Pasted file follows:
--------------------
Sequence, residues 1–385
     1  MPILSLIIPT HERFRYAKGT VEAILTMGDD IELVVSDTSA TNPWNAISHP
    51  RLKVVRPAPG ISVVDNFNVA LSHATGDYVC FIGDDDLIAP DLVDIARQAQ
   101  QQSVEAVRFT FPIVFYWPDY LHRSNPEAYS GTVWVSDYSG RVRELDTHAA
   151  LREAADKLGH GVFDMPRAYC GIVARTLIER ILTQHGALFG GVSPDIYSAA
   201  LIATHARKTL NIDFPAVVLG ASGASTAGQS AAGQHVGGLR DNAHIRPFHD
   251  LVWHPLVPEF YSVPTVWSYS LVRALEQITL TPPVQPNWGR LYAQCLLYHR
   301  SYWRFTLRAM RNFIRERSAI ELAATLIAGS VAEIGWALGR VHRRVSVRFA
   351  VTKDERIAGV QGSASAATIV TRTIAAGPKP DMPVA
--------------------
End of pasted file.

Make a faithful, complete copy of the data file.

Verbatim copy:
Sequence, residues 1–385
     1  MPILSLIIPT HERFRYAKGT VEAILTMGDD IELVVSDTSA TNPWNAISHP
    51  RLKVVRPAPG ISVVDNFNVA LSHATGDYVC FIGDDDLIAP DLVDIARQAQ
   101  QQSVEAVRFT FPIVFYWPDY LHRSNPEAYS GTVWVSDYSG RVRELDTHAA
   151  LREAADKLGH GVFDMPRAYC GIVARTLIER ILTQHGALFG GVSPDIYSAA
   201  LIATHARKTL NIDFPAVVLG ASGASTAGQS AAGQHVGGLR DNAHIRPFHD
   251  LVWHPLVPEF YSVPTVWSYS LVRALEQITL TPPVQPNWGR LYAQCLLYHR
   301  SYWRFTLRAM RNFIRERSAI ELAATLIAGS VAEIGWALGR VHRRVSVRFA
   351  VTKDERIAGV QGSASAATIV TRTIAAGPKP DMPVA